Crooked Stave was founded in 2010 when Chad Yakobson completed his master’s thesis on wild yeast fermentations. The Coloradan used his research to launch a brewery and distributor that would produce 100% Brettanomyces-fermented beers. Despite this common current, Crooked Stave brewing prides itself for making funky and innovative new brews. Most notably, their Wild and Barrel-Aged Sour beers have hit the ground running, having been rated as the top sour beers in Colorado and the world by New York Post and Serious Eats, respectively.
Crooked Stave truly treats making beer as an art form and respects other brewers who do the same. In addition to being a brewery, Crooked Stave has also doubled as a distributor since 2013. Their portfolio runs the gamut, representing everything from cideries to distilleries, but always only choosing small, independent producers. This feeds into the company’s mission to support bold experimentation with alcoholic beverages. We took a swig of some of their best for one of our 2 O’Clock Tastings to get a look at their artistic vision.
Picture an ancient grandfather, beard and all, sitting comfortably in a rocking chair on a farmhouse porch and drinking a cold one. If you could turn that image into a beer, this would be it. Vielle, which comes from the French word for "old," is the perfect name for this simple, classic style of beer. With its straw-like color and barnyard-lemon smell, this brew first appeared to be simple and earthy. On the tongue, however, it had a taste balanced right on the fulcrum between sour and sweet. It finished with a clean, mouth-puckering freshness, perfect for the first day of summer.
No, there is no actual Saint Bretta - instead, this brew is named after the Brettanomyces yeast strains within, which it elevates to sainthood. At first sight, it beamed like a brilliant lightbulb, glowing a hazy, dark yellow, like a pineapple hard candy adorned with a lively, frothy head. After the bold coloring, St. Bretta was more reserved on the nose, boasting rounded, fruity aromas instead of the sharpness of Vieille. The light, not-overbearing aroma continued on the palate, as St. Bretta was well-rounded in taste, with herbal notes bolstered by vinegar and pepper. The finishing smack of lemon drop candy left us thoroughly impressed.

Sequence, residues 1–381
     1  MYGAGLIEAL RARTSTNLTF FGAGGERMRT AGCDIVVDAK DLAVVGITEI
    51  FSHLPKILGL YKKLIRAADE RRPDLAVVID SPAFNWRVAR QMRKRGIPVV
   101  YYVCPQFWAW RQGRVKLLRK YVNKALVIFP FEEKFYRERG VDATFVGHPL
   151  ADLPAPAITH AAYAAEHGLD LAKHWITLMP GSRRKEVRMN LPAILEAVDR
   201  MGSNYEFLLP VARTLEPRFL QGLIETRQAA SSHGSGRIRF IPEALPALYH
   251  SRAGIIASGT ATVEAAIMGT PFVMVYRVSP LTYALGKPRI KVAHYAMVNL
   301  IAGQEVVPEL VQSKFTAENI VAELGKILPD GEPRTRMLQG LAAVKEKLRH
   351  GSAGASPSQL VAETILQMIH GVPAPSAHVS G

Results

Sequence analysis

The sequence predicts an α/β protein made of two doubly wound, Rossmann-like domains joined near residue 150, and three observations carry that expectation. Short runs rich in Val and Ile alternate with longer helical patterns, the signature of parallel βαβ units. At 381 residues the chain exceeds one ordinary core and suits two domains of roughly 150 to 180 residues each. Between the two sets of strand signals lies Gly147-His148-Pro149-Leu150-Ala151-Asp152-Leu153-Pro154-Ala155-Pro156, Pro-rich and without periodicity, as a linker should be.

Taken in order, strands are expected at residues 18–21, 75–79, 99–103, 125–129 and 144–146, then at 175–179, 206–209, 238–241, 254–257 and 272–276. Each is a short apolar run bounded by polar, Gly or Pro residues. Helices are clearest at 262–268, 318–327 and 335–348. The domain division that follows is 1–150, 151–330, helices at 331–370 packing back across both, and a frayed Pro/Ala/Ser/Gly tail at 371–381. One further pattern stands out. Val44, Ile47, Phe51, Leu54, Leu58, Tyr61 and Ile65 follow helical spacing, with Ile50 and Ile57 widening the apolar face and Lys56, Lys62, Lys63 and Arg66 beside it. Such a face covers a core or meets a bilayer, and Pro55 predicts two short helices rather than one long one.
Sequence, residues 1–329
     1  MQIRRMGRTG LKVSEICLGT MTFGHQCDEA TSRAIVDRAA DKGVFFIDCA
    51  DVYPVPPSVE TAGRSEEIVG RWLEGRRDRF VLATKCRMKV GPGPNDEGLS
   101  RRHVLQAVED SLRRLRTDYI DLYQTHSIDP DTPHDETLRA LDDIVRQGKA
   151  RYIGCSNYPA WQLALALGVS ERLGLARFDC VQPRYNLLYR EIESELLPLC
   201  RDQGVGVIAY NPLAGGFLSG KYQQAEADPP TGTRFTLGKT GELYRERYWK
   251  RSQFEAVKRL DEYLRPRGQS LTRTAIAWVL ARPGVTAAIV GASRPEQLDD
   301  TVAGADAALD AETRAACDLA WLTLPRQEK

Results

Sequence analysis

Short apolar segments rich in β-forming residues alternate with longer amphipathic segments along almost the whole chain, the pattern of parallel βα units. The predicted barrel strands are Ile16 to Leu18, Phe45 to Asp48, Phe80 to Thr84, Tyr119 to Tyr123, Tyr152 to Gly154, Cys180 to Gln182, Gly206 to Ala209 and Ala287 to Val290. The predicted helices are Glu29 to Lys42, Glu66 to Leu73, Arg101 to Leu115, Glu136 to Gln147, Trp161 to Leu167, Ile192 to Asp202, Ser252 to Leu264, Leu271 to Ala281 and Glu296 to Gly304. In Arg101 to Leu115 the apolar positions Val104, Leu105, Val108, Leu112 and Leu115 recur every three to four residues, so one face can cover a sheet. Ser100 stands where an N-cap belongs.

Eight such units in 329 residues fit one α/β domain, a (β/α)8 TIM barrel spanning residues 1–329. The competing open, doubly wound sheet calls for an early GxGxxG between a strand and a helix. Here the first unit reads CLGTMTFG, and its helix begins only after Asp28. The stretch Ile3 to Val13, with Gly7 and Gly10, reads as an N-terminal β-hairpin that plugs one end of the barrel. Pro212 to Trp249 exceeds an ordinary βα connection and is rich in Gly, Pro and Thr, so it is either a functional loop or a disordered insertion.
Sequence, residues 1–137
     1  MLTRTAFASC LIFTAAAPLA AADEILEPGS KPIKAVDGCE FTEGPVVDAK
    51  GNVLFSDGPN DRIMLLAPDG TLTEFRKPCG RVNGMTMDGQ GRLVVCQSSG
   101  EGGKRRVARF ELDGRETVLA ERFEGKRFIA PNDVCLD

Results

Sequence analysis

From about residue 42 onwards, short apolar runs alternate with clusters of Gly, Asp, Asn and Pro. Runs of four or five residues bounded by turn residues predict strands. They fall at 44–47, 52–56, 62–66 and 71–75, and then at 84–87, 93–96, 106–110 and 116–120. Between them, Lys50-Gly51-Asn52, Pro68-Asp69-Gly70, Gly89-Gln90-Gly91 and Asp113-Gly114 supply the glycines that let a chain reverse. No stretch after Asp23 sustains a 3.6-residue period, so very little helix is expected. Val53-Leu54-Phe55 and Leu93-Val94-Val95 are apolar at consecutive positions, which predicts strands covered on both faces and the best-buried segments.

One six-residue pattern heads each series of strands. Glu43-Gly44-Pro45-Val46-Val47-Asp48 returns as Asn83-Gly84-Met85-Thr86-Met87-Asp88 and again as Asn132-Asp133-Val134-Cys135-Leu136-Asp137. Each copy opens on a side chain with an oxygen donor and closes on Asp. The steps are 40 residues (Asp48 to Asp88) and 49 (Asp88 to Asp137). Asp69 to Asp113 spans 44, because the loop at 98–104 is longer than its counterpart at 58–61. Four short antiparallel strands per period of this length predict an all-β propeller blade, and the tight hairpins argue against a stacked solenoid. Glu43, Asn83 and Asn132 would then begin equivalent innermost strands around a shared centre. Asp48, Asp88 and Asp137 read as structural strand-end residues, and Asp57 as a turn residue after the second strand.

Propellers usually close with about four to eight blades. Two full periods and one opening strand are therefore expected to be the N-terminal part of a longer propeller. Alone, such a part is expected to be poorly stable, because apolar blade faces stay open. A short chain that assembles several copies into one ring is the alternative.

Surette boasted a heftier ABV and a darker color than the previous brews, sporting a goldenrod hue with a ring of foam and big bubbles around the edge. Subtle honey aromas mixed with a sharper, artificially nuanced sweetness, like the sugar at the bottom of a bag of Sour Patch Kids. Brewed with traditional harvest grains and aged in barrels, this beer was oaky and sour (the tartness a result of the barrel-aging), with an airy dryness and refreshing tone. We can see this being a great drink after a long day of work, one that both soothes and excites.
The Progenitor bottle features the namesake dictionary entry, a detail that reveals the care and precision that went into this brew. Visually, it was of a hue with the other beers, featuring a golden color and white pillowy head. However, the nose revealed this beer to be a grapefruit sour, exuding the aroma of white grapefruit pith with a vague, bready sweetness underneath. Everything came together on the palate - the sourness of the grapefruit combined beautifully with the bitterness of the citrus hops, complicated by an underlying layer of barnyard funk. This fresh, sour beer was easily the crowd favorite, one that we could have quaffed all day long.